The difference between the two options is very important however it is not easy to find out what it is. If you don’t know, I strongly recommend reading the Testing Sites with Browser Mode vs. Doc Mode article from the IEBlog.

Another problem with the Browser Mode switch is that it not absolutely perfect. Although you can find most compatibility issues with it, I have seen several bugs and issues that were not spotted by using this switch but revealed only when the page was tested with IE8. To cut the long story short, the Browser Mode switch is not reliable.

Because of all these issues, the IE team decided to remove the Browser Mode switch from the new DevTools.  This is how the Emulation tab looks in IE11:

IE11 Developer Toolbar Emulation tab

As you can see there are some nice new features: you can switch between a Desktop and Windows Phone profile, you can preset not only the resolution but also the orientation, and you can emulate a GPS position as well. Regarding to the browser versions, there is a User Agent string liar option, and there is also a Document Mode switch (which can be Edge or Default), but you cannot switch to a previous browser version.

So what is the solution?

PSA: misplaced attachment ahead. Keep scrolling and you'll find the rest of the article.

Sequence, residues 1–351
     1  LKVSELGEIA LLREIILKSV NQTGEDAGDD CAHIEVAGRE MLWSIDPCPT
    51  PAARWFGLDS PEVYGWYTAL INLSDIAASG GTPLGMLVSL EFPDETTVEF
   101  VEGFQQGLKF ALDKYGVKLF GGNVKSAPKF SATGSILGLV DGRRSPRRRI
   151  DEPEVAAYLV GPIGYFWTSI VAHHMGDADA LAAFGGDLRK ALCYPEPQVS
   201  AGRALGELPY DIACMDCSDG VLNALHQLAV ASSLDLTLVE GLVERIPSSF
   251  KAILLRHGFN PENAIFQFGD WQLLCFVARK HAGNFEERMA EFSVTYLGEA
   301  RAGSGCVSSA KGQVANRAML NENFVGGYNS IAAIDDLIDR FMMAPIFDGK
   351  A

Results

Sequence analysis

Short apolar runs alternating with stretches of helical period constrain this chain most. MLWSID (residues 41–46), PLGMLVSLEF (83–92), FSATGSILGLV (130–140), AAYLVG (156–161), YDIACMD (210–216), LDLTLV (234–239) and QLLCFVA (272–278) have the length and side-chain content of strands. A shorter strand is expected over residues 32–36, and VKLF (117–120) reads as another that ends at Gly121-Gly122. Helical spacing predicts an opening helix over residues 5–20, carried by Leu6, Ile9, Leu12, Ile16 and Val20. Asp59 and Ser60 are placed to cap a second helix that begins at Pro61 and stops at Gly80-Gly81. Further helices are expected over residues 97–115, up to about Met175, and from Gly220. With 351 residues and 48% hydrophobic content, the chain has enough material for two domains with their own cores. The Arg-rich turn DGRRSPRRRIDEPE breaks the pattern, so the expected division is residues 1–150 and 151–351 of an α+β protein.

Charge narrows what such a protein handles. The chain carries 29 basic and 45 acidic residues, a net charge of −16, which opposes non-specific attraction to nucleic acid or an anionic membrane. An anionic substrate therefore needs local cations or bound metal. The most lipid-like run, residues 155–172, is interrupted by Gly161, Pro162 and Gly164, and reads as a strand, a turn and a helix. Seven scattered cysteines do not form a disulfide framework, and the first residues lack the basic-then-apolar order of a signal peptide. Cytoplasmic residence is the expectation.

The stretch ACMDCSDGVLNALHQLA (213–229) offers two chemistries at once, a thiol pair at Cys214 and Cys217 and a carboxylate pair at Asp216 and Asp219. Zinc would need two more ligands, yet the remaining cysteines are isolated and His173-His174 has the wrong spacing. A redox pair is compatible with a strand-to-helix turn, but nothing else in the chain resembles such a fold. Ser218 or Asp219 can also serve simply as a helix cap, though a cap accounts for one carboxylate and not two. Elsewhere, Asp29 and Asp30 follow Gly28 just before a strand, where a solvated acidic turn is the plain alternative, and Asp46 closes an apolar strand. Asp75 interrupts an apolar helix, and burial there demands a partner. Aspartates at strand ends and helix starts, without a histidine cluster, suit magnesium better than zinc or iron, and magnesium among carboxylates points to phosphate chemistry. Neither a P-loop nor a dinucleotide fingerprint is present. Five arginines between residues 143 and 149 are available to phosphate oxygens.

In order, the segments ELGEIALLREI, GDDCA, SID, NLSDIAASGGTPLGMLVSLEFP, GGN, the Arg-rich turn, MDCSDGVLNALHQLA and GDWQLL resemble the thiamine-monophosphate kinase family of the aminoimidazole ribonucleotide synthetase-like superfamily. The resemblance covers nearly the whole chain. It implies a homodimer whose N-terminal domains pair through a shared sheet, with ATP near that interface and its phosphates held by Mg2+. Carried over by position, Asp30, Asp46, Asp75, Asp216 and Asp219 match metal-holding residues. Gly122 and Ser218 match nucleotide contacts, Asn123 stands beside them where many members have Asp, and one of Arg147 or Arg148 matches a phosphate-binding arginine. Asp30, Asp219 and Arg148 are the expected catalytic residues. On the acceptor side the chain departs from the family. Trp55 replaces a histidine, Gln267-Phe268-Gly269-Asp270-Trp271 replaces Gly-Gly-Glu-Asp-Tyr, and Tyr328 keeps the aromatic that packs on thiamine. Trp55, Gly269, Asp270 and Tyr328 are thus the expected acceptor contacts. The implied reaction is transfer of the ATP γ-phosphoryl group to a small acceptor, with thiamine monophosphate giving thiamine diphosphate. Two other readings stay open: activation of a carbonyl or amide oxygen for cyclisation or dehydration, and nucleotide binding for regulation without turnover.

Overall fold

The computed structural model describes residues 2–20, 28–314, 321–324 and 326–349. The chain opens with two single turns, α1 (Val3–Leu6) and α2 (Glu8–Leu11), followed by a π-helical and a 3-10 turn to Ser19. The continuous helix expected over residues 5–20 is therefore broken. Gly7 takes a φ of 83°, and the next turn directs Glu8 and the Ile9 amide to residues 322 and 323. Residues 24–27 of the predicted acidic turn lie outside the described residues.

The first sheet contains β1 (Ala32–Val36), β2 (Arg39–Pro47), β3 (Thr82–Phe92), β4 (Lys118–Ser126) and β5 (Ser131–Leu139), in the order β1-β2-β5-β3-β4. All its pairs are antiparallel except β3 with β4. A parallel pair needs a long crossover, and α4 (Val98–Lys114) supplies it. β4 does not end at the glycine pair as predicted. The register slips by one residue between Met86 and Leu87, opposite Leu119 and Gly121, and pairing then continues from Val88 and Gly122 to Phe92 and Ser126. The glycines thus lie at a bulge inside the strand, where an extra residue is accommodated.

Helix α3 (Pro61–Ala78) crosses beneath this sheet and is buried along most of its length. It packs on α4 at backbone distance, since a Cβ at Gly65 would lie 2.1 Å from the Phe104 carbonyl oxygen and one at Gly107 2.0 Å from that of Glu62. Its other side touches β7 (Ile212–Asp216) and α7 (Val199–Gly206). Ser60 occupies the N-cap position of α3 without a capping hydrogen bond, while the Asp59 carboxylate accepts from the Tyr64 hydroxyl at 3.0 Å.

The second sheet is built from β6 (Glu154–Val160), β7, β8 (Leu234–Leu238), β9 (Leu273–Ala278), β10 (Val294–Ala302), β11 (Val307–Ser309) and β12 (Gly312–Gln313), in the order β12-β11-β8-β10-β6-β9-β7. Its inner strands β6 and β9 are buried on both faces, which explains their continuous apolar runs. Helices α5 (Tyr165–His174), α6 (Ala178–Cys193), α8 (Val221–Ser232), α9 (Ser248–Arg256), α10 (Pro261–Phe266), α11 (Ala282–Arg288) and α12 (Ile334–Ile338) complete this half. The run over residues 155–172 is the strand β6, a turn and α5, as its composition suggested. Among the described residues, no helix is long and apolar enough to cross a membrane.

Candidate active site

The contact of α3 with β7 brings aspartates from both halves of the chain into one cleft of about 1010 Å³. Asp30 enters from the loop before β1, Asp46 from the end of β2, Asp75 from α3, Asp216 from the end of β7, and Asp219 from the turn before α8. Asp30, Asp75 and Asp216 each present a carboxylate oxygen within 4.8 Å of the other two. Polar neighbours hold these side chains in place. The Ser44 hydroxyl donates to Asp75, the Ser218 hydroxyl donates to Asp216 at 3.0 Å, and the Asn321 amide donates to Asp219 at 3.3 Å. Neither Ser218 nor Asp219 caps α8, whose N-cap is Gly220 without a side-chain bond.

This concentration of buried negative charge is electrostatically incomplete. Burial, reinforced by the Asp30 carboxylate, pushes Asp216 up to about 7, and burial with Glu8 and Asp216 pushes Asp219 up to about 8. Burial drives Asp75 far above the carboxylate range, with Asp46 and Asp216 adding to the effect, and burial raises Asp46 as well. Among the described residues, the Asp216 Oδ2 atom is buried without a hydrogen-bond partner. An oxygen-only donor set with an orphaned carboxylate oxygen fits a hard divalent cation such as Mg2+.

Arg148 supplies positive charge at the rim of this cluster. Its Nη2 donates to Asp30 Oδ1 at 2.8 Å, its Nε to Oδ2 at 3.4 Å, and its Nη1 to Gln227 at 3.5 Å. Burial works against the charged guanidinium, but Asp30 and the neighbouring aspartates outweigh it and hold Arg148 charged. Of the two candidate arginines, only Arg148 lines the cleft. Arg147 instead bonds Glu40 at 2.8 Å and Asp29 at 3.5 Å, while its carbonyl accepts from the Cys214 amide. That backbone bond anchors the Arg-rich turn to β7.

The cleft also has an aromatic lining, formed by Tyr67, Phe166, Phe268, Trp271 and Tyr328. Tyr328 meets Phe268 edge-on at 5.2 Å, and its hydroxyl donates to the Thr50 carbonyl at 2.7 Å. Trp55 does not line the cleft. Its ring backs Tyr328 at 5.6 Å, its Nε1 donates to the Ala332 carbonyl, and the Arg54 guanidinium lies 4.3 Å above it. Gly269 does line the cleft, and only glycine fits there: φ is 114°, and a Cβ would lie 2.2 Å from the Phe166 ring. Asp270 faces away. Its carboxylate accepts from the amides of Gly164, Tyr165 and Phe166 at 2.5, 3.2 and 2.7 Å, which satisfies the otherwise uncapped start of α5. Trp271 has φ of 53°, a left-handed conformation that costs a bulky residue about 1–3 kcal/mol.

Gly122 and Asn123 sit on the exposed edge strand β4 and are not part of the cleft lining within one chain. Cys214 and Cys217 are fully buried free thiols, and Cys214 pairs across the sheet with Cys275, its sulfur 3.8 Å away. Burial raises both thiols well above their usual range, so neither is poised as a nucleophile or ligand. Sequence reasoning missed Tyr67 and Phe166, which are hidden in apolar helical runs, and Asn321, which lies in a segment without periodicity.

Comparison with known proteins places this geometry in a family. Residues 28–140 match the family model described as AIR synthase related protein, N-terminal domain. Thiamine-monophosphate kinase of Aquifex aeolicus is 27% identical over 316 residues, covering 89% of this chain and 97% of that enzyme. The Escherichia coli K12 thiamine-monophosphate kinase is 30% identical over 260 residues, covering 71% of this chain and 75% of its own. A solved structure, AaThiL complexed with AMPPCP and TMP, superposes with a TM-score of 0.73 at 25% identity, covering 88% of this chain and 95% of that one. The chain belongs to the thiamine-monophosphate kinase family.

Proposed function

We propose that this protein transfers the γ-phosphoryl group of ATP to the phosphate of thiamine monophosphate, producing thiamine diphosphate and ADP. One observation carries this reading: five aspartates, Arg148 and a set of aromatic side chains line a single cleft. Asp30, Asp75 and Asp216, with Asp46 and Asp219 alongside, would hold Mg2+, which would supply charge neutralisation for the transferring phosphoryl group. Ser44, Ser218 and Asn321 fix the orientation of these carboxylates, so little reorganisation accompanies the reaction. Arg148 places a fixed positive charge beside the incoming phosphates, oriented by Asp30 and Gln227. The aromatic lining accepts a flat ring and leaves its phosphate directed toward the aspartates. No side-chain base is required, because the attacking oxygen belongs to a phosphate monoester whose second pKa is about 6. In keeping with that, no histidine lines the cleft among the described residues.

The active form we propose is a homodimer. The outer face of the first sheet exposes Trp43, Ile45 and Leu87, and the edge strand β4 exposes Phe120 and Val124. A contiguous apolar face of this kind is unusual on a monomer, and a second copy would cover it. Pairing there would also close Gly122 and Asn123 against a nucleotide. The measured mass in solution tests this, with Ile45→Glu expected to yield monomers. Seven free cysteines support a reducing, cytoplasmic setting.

By clicking on the information icon, you can navigate to the Test Across Browsers page of the modern.IE website where you can find two solutions:

1. Microsoft partnered with the people at BrowserStack and offers 3 months free access to BrowserStack services. This offer is valid before January 10, 2014.

2. You can download a set of virtual machines. Just select your host operating system and virtualization platform and you can instantly download free Windows virtual machines preconfigured with the specified IE version:

modern-ie-vms

According to the current Microsoft view – which matches the state-of-art – using virtual machines (on your machine or in the cloud) is the most reliable solution to test your web application in previous IE versions. And now you have instant access to these VMs.

Regarding to the next versions of IE, the recommendation is to follow the web standards. A good start can be Rey Bango and Dave Methvin’s 20 tips for building modern websites while supporting old versions of IE article.

 

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Internet Explorer 11 Developer Tools

The new, 8.1 version of Windows comes with the new, 11 version of Internet Explorer, which can be a good news (I personally find it much faster) or a bad news (must be added to your test matrix). Even if you are used to the developer tools in other browsers, I recommend you to try the new Developer Tools in IE11. Not only because it looks super cool: